EPA

A SciFi Short Story by Margret A Treiber

EPA

by Margret A Treiber

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“This is crap,” the robot complained. “Complete bullshit.”

“Just hold on when I dump this already,” I was trying to maintain planetary orbit while avoiding detection from the authorities. It was becoming difficult to focus with the robot’s continual whining.

The ship’s computer chimed in. “If we’re going to unload this, we should do it now before we’re discovered.”

“Robot, EVA time.” I threw on my suit and prepped the airlock. I was looking forward to completing this task. I was dying to get in some quality slacking and a decent bite to eat.

“Too late,” The computer stated. “There’s a Pinae ship coming.”

“Dammit!” the robot slammed its hand on the computer panel. It made a disconcerting cracking sound.

“Ow!” The computer complained.

“Shut up,” the robot muttered.

“You cracked my console,” the computer responded. “Who’s going to fix that?”

“You are,” the robot replied. “It’s not my fault you’re cheaply made.”

“You should talk, you moody bastard.”

I tried hard not to laugh. “Will you both stop arguing already? Let’s just get this done.”

“He started it,” the computer protested. “Why do you let him break me?”

I looked at the console. “I don’t see any damage. It must be a hairline crack. I’ll have it checked when we go for maintenance.”

“What in another twelve years?”

“Really?” I asked. “I haven’t had this ship for more than two.”

“Just making my point,” the computer stated.

“Your point is taken. Can you find us another dump site?”

“I detect an empty planet a few parsecs from here.” The computer brought a star map up on the screen.

“Please go there,” I stated. “Let’s get this done already.

The computer calculated the route and accelerated. I started looking for snacks. Like usual, the food stores were empty. I rummaged through every space I could access until I found a single sealed container. I opened it. It was full of something brown and lumpy.

“What’s this crap?” I asked.

“Cookies,” The computer answered. “I made them for you.”

I grabbed a lump and took a bite. It was so hard, it almost broke my tooth. “What are these made of? They’re really hard.”

“I ran out of organic materials to make flour,” the computer replied. “So the robot said to use cement.”

“That’s not how cookies are made!” I threw the container back into storage.

“Don’t blame me. Talk to the robot.”

“I blame you because you asked the robot. Since when does a robot know how to cook? I’m starving. Just because you assholes don’t eat, doesn’t mean you should starve me.”

Suddenly, the robot started throwing his arms up and cursing.

“It’s a freaking circus!” he yelled. “What the hell are you doing?”

I looked out the port window and saw lights flashing. There was some kind of event taking place in the distance. I activated the ship’s audio sensors. It was some kind of music concert. Although it was quite a distance from the computer’s projected dump point, I knew the robot wouldn’t want to hear it.

“Find another place,” I sighed.

“Please,” the computer corrected me.

“Fine, please find another freaking place.”

“I have found an empty world not too far from here,” the computer replied.

“Well go,” I said. “Please. Maybe we can get this done sometime this millennium.”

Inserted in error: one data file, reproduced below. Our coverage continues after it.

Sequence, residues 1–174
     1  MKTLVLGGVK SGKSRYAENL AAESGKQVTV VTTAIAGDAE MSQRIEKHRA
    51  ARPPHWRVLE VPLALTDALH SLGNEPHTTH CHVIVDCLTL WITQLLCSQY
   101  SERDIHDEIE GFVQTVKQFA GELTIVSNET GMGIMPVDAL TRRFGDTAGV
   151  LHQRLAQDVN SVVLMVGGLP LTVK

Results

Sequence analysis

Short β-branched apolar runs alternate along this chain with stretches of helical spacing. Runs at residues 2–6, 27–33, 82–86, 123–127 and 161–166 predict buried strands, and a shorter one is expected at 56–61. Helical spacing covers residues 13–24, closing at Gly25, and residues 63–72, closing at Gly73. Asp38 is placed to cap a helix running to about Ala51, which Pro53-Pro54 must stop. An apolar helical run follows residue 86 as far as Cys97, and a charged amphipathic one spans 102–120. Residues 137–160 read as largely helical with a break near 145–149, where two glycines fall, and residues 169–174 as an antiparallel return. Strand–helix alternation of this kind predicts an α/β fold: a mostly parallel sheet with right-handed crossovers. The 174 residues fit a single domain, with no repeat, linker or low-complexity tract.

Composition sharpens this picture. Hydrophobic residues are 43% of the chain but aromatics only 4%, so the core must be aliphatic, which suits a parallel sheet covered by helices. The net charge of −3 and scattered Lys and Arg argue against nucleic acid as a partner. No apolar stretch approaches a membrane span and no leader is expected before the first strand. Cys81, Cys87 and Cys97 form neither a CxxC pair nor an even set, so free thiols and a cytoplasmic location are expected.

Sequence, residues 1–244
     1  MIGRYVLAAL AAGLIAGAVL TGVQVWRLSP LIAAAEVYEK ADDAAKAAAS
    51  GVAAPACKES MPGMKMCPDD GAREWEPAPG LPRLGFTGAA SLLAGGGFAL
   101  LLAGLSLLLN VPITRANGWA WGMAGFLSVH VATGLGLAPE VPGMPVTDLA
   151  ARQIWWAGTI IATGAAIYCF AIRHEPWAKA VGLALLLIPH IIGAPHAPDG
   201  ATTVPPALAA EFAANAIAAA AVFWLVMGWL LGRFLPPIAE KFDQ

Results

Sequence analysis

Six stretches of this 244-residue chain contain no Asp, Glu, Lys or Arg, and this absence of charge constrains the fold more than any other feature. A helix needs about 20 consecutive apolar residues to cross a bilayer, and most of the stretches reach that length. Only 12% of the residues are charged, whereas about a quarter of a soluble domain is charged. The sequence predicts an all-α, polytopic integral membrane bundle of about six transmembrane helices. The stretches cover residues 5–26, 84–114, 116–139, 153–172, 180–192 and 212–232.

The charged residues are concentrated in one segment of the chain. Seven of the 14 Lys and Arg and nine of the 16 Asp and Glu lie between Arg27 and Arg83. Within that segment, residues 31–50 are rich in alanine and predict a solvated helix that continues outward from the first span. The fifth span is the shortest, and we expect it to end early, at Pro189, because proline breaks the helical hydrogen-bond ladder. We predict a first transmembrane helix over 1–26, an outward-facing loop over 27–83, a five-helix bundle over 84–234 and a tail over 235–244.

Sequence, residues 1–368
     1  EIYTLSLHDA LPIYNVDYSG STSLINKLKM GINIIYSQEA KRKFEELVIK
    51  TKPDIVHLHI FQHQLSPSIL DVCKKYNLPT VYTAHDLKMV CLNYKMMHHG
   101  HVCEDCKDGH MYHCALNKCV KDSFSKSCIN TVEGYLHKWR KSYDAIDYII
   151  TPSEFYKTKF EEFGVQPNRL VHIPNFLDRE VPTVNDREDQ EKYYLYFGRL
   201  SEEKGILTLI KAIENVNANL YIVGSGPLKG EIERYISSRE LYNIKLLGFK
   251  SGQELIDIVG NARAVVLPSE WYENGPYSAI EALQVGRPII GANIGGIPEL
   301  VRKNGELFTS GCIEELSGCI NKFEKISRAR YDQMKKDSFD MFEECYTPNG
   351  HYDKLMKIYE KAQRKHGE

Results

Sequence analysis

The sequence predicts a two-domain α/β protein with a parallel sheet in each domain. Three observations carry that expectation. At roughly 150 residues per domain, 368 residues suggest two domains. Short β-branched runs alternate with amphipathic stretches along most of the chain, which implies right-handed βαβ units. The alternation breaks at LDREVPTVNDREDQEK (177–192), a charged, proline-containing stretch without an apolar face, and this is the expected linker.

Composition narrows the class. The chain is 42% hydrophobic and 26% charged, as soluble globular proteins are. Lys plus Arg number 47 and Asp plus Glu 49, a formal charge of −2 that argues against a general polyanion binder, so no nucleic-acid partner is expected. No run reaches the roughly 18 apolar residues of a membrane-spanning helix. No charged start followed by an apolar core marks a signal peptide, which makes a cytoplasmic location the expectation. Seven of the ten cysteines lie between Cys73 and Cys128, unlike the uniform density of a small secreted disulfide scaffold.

The computer flew standard speed minus four in the direction of the planet.

“Slow the hell down,” the robot complained. “You’re driving like a freaking lead foot.”

“We’re going standard minus four,” I stated.

“Don’t bullshit me!” the robot shouted. “I can feel the inertia.”

“You may need a tune-up,” I suggested.

The robot growled at me.

The computer slowed to standard speed minus six. We arrive several moments later.

I set us in a low orbit. In theory, we could dump our load from here and take off. I found a clear spot in an instant and targetted it for the computer.

“Computer,” I stated. “Prepare to eject.”

“Affirmative,” The computer replied.

Just as the computer was about to proceed, the robot jumped up.

“The cops!” he bellowed. “The freaking cops are here.”

The computer broke orbit and sped away at near light speed. I checked the sensors. I saw flashing lights a few sectors away.

“The cops are several parsecs away. What the hell?”

“They were onto us,” the robot stated. “They know what we’re up to. We’re going to end up in jail.”

“Relax robot. We’re not going to prison. Computer, please find another place.”

The computer sighed. “There is a munitions dump just ahead. They are closed in observance of armistice month.”

“Do that.” I was getting a headache. “Please.”

The computer pulled into the docking port. There was no sign of any activity.

The robot and I disembarked. The computer began unlatching the doors to the cargo bay. They creaked and groaned as they opened. Obviously, they had not been serviced for some time. I was beginning to think that I overpaid for the ship.

“Shut up!” the robot screamed. “Shut the hell up. You’re making a freaking racket.”

His voice echoed through the expanse of the junkyard. I scrambled to unload the ship. I got halfway through when the robot called it.

“That’s it!” he shouted. “We’ll be lucky to get out of here before the cops show up. All your damned noise.”

I was about to argue the point with the robot, but I knew better. Once it was in a mood, you had to just ride it out.

We climbed back into the ship and took off.

“Should I find another location?” the computer asked.

“Yes,” I answered. “Please.”

“I found one about an hour from here.”

The robot kicked my chair. Luckily, I wasn’t sitting in it. It tumbled into a bulkhead. I retrieved it and sat down next to the robot.

“Maybe we should pay someone to pick up our trash from now on,” I suggested.

The robot slammed the console again. The computer stayed quiet.

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